Blog readers occasionally ask: what really constitutes ‘neglect’? The best answer is given by example. Once readers hear specific examples of how neglect occurs everyday in nursing homes they begin to appreciate it’s the severity of the situation.
Currently, my office is prosecuting a case of severe neglect involving a paralyzed man who is a long-time Foley Catheter user. During the course of his stay at a Chicago-area nursing home, the staff failed to properly clean the catheter and our client developed an infection in the urinary tract and kidneys. The infection was ignored for so long that our client required months of hospitalization and surgical removal of his testicles.
Many nursing home residents use catheters. Generally, a catheter is a tube inserted into the body where you urinate and into the bladder. The end of the tube is connected to a collection bag. Its purpose is to drain urine from the body. Catheters may be used in the following circumstances:
- For doctors to monitors how much urine you are producing
- If you are unable to control you bladder
- If you can not empty your bladder when urinating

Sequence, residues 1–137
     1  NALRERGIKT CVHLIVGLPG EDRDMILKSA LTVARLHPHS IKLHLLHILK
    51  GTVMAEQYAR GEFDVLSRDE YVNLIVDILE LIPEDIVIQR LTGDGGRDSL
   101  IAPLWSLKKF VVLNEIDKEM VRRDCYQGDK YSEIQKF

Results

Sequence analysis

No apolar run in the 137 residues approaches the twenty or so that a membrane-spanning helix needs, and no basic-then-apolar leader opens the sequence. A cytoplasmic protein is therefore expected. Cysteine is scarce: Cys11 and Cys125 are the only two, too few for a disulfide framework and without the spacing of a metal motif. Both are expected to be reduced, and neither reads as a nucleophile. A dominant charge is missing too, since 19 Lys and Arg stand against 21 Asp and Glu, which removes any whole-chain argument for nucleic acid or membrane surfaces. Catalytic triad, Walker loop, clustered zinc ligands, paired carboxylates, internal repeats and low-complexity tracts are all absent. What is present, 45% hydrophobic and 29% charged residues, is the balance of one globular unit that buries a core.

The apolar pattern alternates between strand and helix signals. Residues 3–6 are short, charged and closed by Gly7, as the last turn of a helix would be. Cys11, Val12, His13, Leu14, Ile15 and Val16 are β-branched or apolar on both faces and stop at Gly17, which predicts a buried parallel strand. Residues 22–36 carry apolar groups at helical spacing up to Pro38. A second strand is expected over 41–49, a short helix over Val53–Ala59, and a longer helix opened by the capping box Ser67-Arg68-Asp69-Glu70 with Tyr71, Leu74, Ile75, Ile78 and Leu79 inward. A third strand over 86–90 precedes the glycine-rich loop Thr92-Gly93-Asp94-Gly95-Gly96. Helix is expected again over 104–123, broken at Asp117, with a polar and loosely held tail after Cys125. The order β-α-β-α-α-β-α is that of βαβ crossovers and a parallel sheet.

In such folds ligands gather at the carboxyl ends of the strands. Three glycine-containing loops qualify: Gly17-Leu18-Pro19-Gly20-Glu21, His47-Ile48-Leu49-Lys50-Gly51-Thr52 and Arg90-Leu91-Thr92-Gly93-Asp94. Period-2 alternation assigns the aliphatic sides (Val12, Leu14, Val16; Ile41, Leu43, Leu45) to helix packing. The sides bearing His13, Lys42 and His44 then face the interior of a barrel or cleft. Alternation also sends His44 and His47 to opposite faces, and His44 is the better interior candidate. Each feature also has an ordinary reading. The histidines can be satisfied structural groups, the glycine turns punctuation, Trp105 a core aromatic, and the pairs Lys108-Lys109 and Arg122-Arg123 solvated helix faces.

- If you have severe illness or are unable to physically move to the bathroom
- If you have pressure sores or open wounds
Many residents of nursing homes receive catheters when they have none of the above conditions. Often nursing home staff will unnecessarily catheterize a resident to avoid physically assisting a resident to the toilet.
Once in place a catheter requires maintenance and monitoring. The following must be done to assure proper catheter care:
- Monitor the amount of urine in the bag
- Make sure the person drinks lots of fluids (6 – 8 glasses of water per day)
- Empty the drainage bag at least every 8 hours
- Wash the area where the catheter enters the body at least 2 times per day
- Check the skin where the catheter enters the body for infection and irritation